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It's not just about the racing

by John Curnow, Editor, Sail-World AUS 19 Nov 21:00 GMT
44Cup fleet © Nico Martinez / 44Cup

Had occasion to be invited to attend a luncheon. It was with a crew that do not even race together anymore, and the boat has been sold many a year ago, as well. Some of the crew still actively sail today, and others not so much.

Now apart from a fair spread of ages, this tight knit crew were amazing for the unbelievable breadth of types of people, careers, and stages of life. As I sat there, observed and pondered, listened and joined in, it was mesmerising to experience the level of interest people held in what others had to say.

It would be easy to use words like "genuine", but as the lunch continued on, I became more and more present to just one thing. Only sailing can really achieve this level of bond, and the time spent on and off the water allows for people's other passions and projects to also shine.

One of the things that I always find brilliant at these sorts of things is just how many sailors are also into cars. Yes, you can always say I am looking for it, but at this table of seven, three souls were serious petrolheads. Old. New. It did not matter. Cars are cars, and the banter is as active and vibrant as it was when talking about mark roundings, or surviving regatta weeks, and the daily attendance at the bar.

In the end, I just wanted to say thanks to this crew for including me so comprehensively, and providing me with the joy of what sailing brings to your life, from another point of view.

Dedication and passion / Legacy and Custodianship

Well the first two are definitely attributes you always find loitering around yachties. The latter two are what you get from that when you are talking about vessels that stand the test of time. This next subject certainly epitomises the former, and also many others to boot.

Down in Hobart, a boat has come up for sale. No ordinary boat mind you, and with a tale to tell. She is Undine, built in 1948, and part of the local Derwent Class.

I asked Bella Laughton-Clark from the Australian Wooden Boat Festival about this little classic. "We have a strong team of young folk that sail about eight D's down here. Now there are some conditions with the sale. By way of example, Undine must sail with the other D's on occasion, it must stay in Tassie, and it also must attend the next two to three Australian Wooden Boat Festivals."

It has been a six-month project to get her to this stage. Undine will be launched February 10th 2024, as part of the Kettering Wooden Boat Rally events. Laughton-Clark added, "We are about to finish, and are yet to decide on a hull colour... A true debate!"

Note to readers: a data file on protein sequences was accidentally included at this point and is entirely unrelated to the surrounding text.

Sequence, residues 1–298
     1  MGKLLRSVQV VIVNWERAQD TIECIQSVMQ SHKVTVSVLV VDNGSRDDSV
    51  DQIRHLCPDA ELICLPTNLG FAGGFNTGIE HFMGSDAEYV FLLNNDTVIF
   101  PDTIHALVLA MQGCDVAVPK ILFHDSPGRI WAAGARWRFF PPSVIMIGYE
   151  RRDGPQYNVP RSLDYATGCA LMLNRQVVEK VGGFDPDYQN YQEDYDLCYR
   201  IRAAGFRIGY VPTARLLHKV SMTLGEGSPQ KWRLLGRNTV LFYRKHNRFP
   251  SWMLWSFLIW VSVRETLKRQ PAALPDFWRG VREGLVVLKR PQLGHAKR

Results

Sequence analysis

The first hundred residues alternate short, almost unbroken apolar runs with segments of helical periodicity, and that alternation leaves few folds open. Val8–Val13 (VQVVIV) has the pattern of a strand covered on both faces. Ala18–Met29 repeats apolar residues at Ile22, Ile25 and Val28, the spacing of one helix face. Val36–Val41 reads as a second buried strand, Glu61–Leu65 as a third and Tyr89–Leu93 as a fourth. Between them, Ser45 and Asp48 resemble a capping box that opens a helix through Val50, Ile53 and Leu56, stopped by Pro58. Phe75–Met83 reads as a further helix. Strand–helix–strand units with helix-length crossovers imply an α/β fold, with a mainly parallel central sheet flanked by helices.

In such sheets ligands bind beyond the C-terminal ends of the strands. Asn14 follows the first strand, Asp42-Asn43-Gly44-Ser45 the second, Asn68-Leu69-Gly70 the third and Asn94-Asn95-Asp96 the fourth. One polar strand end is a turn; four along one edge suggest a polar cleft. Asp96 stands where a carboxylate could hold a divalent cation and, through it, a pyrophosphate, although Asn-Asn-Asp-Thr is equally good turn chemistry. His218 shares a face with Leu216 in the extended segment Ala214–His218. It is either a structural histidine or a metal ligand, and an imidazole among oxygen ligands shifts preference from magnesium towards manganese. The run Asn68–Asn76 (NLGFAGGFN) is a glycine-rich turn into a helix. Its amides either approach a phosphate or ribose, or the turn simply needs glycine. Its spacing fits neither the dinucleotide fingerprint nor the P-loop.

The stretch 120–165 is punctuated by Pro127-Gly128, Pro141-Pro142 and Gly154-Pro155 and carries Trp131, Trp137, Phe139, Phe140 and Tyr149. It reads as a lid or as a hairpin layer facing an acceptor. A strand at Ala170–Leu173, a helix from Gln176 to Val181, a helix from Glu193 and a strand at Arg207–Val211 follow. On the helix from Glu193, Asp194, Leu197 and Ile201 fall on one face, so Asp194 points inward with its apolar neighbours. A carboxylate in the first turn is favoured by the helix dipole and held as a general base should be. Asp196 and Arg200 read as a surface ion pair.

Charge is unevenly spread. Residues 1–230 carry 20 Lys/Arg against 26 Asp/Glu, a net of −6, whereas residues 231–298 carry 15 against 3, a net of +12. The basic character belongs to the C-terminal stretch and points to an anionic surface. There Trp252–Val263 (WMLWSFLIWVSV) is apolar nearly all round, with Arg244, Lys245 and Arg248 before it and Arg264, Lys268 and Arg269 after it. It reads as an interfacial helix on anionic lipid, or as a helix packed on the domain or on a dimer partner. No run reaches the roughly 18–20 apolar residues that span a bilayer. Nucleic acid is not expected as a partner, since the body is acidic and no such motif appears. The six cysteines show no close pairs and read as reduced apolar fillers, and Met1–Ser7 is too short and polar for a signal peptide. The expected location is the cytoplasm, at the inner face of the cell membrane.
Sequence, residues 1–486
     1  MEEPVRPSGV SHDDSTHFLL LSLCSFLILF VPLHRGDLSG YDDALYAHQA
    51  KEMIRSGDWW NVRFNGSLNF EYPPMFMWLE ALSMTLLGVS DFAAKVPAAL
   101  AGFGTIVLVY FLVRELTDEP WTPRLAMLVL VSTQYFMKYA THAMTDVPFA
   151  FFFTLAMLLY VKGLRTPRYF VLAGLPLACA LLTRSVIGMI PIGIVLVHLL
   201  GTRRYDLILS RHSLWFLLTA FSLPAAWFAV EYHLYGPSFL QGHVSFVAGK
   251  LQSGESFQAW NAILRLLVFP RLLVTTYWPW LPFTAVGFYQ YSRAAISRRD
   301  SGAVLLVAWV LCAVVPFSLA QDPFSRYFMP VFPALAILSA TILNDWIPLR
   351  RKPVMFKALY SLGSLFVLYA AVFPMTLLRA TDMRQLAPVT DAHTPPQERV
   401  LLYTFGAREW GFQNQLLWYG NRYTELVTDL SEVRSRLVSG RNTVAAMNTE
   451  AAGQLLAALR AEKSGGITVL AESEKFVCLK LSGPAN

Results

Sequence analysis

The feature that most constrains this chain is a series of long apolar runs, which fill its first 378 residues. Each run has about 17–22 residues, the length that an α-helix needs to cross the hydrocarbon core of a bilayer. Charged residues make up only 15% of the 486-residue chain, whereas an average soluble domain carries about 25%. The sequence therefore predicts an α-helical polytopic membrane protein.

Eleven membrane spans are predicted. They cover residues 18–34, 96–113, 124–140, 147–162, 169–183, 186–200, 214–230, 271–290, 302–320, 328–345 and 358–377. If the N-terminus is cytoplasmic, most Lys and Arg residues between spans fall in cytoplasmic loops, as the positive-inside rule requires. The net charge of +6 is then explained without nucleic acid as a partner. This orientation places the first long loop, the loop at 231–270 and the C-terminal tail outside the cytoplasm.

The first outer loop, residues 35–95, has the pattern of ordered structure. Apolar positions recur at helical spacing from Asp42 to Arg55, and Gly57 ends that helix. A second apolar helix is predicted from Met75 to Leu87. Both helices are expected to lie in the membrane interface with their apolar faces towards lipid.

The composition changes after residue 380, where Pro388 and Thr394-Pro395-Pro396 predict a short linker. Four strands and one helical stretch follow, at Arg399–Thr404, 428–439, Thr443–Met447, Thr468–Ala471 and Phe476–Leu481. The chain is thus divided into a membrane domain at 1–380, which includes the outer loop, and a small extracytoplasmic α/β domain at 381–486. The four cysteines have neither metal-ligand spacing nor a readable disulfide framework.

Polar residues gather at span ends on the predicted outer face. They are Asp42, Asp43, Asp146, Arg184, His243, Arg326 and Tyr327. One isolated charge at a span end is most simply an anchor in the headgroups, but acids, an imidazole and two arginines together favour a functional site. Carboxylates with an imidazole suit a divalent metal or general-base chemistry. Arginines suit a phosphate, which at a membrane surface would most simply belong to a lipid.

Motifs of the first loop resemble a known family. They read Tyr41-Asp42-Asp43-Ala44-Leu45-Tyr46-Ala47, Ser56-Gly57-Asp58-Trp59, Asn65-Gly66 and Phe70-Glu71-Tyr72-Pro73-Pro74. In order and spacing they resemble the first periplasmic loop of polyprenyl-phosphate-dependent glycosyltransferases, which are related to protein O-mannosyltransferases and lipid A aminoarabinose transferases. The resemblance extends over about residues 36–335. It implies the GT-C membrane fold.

Expressions of interest have just opened for the fully restored Derwent Class racing yacht, Undine. No expense has been spared, with the masters at the Wooden Boat Centre in Tasmania carrying out the job. "We have never sold a boat before, let alone owned a boat, and we were lucky enough to have been gifted Undine by a local marina. We were then even luckier, to find a philanthropist who offered to fund the restoration.

"Essentially, the sale will be a donation to the AWBF. In return, you get your very own Derwent Class. We have a figure in mind, but are open to any negotiations."

Racing will always be the key component

I recently learned of yet another pocket of Finns. There are some sailing out of the Royal Queensland Yacht Squadron, and I gather the great Rafael Joaquín Trujillo Villar (the Maharajah of Finns) is a part of that. This next group hails from the Davey's Bay Yacht Club on the Southern shores of Melbourne's Port Phillip. Soon it may get to a fleet of 20 Finns, and the sailors range from around 17 years of age to over 60.

The fleet races regularly, and many go down after work, rip the covers off and get in some tack and gybe practice as the long summer days take hold. Vessels from the last 20 years are in demand, as too new carbon sticks to help with the tuneability of these hefty beasts. Any sailor is guaranteed a workout with the Finn, but it seems that camaraderie ashore is almost as addictive as the time on the water.

Of course, you'll never have to go too far to find a Finn sailor in any high-end campaign, but it has been great to see this class kick on after exclusion from the Olympics. If you are part of a pocket of Finns, or any other re-emerging class, then please reach out and let us know about your passion. We'd love to spread the word...

OK. There it is. There is so much more on the group's websites for you. Simply use the search field, or 'edition' pull-down menu up the top on the right of the masthead to find it all. Please enjoy your yachting, stay safe, and thanks for tuning into

John Curnow
Editor, Sail-World Australia

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